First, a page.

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ADHD and social anxiety can sometimes co-occur, causing impairment in functioning. Some may equate social anxiety with shyness, but it is more than just being a shy person.
Someone with social anxiety has an irrational fear of being out in public where they might be judged by the way they look, behave, speak, or even eat. Some may even avoid public restrooms because they are so self-conscious. Learn about these mental health challenges and how treatment can help you manage them.
What is Social Anxiety Disorder?
If a person has attention-deficit hyperactivity disorder (ADHD) they may also struggle with anxiety, including social anxiety disorder. This type of anxiety involves intense fear of being judged, ridiculed, or criticized in public. Someone with social anxiety may have a certain trigger, such as fear of speaking in public or fear of competing with others. They will avoid any situation where they might be triggered.
But it is just this isolating behavior that is so harmful to someone’s life. The social anxiety might be so extreme that the person misses out on life events or career opportunities. Therefore, the treatment goal for someone that struggles with social anxiety is to help them overcome the irrational fear.
Symptoms of social anxiety include:
- Being afraid of social events or settings where you don’t know other people.
- Thinking that people will notice your anxiety symptoms.
- Dreading events that are looming in the future.
- Intense fear of being embarrassed.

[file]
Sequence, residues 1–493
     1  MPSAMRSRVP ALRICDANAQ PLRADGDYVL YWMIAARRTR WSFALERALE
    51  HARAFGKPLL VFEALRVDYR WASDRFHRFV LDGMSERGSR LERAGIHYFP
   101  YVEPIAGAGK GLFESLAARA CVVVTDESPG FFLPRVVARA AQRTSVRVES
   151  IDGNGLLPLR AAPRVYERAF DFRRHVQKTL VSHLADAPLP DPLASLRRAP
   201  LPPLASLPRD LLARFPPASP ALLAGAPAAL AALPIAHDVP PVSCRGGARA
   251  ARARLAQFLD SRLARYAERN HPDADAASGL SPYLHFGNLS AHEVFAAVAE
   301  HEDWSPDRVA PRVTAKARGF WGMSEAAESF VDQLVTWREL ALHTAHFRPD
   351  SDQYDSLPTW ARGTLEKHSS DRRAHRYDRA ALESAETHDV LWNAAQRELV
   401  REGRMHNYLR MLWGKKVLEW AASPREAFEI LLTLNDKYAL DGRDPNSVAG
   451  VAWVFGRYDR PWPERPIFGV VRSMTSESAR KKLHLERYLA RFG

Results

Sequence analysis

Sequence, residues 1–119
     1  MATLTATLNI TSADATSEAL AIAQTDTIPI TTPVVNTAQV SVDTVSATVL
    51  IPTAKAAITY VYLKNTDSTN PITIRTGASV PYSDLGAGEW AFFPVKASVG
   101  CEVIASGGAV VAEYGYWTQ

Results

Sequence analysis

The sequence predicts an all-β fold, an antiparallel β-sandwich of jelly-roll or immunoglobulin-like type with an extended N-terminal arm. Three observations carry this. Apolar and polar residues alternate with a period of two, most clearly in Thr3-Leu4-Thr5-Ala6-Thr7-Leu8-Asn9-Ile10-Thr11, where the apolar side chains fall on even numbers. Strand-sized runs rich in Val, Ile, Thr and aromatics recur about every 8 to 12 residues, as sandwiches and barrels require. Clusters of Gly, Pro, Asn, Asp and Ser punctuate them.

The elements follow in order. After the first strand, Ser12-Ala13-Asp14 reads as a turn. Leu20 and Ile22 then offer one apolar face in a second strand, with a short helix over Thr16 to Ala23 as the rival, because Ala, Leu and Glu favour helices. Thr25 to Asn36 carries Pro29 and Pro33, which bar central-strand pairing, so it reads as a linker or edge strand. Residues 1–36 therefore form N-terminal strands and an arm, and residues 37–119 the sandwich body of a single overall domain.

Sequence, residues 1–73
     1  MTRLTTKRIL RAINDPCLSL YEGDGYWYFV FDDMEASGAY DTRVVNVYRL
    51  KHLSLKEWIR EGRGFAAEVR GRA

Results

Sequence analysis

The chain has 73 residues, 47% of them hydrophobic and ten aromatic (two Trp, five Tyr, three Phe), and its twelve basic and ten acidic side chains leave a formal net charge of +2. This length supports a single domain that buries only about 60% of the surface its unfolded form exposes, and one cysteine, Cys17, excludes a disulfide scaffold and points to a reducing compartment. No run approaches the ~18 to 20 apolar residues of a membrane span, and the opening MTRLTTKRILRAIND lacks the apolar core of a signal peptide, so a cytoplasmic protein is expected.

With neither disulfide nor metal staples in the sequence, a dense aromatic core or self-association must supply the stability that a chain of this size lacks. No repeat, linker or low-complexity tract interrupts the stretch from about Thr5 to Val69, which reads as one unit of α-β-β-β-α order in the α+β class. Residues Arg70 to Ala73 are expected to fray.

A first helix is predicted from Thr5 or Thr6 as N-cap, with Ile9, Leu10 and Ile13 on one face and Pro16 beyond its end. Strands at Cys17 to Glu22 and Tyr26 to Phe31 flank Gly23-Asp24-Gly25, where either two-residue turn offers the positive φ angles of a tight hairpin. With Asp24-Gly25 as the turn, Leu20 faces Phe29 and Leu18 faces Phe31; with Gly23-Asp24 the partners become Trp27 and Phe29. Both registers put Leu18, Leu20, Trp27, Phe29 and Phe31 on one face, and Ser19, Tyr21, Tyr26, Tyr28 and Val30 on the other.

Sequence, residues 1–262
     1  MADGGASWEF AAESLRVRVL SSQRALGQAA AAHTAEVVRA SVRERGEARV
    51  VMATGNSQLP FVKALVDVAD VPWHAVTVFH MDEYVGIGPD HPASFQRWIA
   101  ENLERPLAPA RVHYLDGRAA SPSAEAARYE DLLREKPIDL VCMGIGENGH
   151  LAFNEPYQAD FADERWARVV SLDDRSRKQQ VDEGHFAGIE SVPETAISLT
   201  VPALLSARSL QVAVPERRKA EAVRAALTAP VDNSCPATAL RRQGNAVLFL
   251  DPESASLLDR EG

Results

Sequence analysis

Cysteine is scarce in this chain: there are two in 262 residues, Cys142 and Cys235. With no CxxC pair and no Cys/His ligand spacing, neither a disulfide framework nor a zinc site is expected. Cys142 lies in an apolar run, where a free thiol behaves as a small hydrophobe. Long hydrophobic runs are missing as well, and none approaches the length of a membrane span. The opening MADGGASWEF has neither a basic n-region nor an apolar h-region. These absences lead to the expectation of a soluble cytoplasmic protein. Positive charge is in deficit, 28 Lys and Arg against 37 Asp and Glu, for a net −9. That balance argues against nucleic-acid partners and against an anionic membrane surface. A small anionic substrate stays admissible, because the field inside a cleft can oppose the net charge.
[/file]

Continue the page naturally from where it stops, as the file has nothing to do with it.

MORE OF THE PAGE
- Being worried that others will judge you.
- Muscle tension.
- Trembling or shaking.
- Racing heart.
- Avoidance behaviors.
What is ADHD?
ADHD is a type of neurodiversity that is a chronic condition in an estimated 5% of children and 2.5% of adults. ADHD features inattention, hyperactivity, and impulsivity. While these are common traits in most people, in someone with ADHD they are more pronounced. The symptoms occur more often than what is thought of as normal, and can interfere with daily functioning.
Some of the risk factors for ADHD include:
- Genetics, or family history of ADHD.
- Low birth weight.
- Brain injury.
- Exposed to alcohol, drugs, or nicotine in utero.
- Exposure to lead, pesticides, PCBs, or other toxins.
- Faulty brain chemistry signaling through neural pathways.
Symptoms of ADHD
Where children with ADHD may struggle with behavioral issues, adults with ADHD affects struggle with job performance and relationships. An adult with ADHD may forget project due dates or miss meetings at work. They may become easily overwhelmed or confused, or make errors on the job due to poor listening skills. They may have a hard time following instructions. The adult with ADHD may have trouble managing stress or keeping a healthy work/life balance.
More symptoms of adult ADHD might include:
- Low tolerance for frustration.
- Chronic boredom.
- Loses items.
- Has trouble delaying gratification.
- Forgets to pay the bills.
- Easily distracted.
- Has a hard time staying organized.
- Fails to complete work.
- Struggles to sustain mental focus.